Instead, chest-beaters like Sen. Ben Sasse of Nebraska make the usual warlike noises — the ones they always make. “This is very simple,” Sasse wrote in a statement last night. “General Soleimani is dead because he was an evil bastard who murdered Americans,” which is essentially true. Soleimani was a bad guy. But does that make killing him, quote, “very simple”? Of course not. Nothing about life, and certainly not about killing, is ever “very simple.” Any politician who tells you otherwise is dumb or lying.

Yes, Soleimani was linked to the deaths of Americans. But Mexico and China are also linked to deaths of Americans. Each has flooded our country with narcotics, from which tens of thousands of Americans die every single year. So does that mean we get to bomb Oaxaca? Can we start assassinating generals in the People’s Liberation Army? Maybe Ben Sasse will call for that too. Like a lot of former consultants, he’s a very tough character.

But before we enter into a single new war, a criterion that ought to be met. Our leaders should be required to explain how the conflict will make the United States richer and more secure. There are a lot of bad people in this world. We can’t kill them all. It isn’t our job. Our government exists to defend and promote the interests of American citizens. Period. That’s why we have a government. Has the killing of Soleimani done that? Maybe. No one’s in Washington is explaining how. Instead, like Ben Sasse, they’re telling us what an awful person he was. He clearly was. So? That’s irrelevant.

Meanwhile, it’s pretty clear that things could start to move in the wrong direction pretty quickly. We’re praying they don’t but they could. How do we know? Because we’ve seen it before.

We’ve fought quite a number of wars in and around the Middle East in recent decades. We attacked Saddam Hussein twice, as you know. In the end, we killed him. We invaded and occupied Afghanistan. We toppled Mommar Qaddafi in Libya. We fought ISIS in Syria and then stuck around afterward for some reason.  We’ve joined humanitarian missions in Lebanon and Somalia. Our special forces have been quietly fighting in Yemen, Pakistan, Niger, who knows where else. Many other places.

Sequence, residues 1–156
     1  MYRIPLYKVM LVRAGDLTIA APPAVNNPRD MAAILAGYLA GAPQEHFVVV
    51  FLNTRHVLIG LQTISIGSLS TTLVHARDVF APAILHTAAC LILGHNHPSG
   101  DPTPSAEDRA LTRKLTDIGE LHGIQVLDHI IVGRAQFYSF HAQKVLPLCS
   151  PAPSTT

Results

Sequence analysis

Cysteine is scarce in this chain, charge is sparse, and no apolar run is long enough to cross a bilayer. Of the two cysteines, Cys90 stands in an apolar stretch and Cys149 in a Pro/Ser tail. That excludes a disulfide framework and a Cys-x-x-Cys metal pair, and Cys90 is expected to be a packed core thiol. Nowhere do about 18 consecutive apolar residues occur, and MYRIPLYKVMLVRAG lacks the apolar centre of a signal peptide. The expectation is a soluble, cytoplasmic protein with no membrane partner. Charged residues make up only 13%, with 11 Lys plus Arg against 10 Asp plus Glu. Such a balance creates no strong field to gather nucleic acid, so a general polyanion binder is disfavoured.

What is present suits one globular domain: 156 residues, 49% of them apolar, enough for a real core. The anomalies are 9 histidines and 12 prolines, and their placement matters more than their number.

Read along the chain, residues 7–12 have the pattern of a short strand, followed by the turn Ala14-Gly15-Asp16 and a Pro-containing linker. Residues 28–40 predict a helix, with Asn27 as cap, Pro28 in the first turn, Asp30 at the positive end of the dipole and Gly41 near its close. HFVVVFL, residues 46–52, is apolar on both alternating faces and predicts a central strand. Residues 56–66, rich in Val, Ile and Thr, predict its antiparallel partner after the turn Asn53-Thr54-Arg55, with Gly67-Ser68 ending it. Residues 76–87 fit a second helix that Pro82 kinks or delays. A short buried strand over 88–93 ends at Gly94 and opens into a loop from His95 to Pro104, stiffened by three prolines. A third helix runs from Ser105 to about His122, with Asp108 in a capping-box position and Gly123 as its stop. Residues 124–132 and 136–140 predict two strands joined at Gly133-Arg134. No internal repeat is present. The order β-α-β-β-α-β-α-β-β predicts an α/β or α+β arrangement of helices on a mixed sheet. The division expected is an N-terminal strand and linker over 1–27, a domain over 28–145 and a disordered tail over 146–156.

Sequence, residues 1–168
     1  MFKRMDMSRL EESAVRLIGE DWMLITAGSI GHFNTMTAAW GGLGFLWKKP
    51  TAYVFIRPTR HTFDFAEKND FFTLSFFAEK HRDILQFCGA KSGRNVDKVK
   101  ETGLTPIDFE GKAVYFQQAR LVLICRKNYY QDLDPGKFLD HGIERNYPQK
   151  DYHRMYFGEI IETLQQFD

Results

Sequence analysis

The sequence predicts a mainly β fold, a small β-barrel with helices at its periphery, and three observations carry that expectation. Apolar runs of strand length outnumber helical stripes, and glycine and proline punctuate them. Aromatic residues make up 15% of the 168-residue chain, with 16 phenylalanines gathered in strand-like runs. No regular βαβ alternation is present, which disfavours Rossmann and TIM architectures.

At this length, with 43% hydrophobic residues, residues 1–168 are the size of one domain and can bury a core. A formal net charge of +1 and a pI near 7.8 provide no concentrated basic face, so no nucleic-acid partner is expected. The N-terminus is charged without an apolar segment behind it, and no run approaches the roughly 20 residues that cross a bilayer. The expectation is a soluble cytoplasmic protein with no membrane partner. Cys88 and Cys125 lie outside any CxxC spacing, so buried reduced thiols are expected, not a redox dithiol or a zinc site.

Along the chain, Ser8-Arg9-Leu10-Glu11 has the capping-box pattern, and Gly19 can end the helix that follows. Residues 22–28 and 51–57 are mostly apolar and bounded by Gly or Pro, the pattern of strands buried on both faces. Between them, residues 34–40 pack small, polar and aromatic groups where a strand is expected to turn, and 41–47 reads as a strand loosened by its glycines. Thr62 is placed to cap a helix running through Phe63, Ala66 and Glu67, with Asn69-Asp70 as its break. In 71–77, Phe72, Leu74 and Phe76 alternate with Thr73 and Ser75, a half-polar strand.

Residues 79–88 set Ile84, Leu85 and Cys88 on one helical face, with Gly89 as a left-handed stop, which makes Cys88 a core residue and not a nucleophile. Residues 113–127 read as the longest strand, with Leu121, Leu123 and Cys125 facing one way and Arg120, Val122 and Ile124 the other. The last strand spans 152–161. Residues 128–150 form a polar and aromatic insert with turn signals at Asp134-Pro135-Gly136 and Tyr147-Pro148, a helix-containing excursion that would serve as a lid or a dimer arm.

In every single place, the conflicts have turned out to be longer, bloodier, and more expensive than we were promised. The benefits — often they been non-existent: A lot of lectures about how the people we’re killing deserve to die. I hope that makes you feel better.

What do the American people feel about all of this, no that anyone cares? It’s too soon to know what they think of killing Soleimani, but just five months ago, after months of supposed Iranian provocation, Americans didn’t seem to view Iran as a major concern. Not even close.

In a Gallup poll last August, just 18% of Americans said they backed military force to shut down Iran’s nuclear program. Seventy-eight percent said they preferred diplomacy and economic sanctions alone.

So in democracy you would think this would matter. But as is so often the case, the preferences of actual Americans don’t enter the equation. They’re immaterial. In 2016, Donald Trump ran on a promise of fewer foreign adventures considering the ones we embarked upon didn’t go very well. He vowed instead to focus on America’s problems here at home, which are growing. Against the odds, he won that election probably because of that promise. But ever since, Washington, including some around the president, have been committed to ignoring the results of that election and its implications. Washington has wanted war with Iran for decades. They have been working toward it. They may have finally gotten it.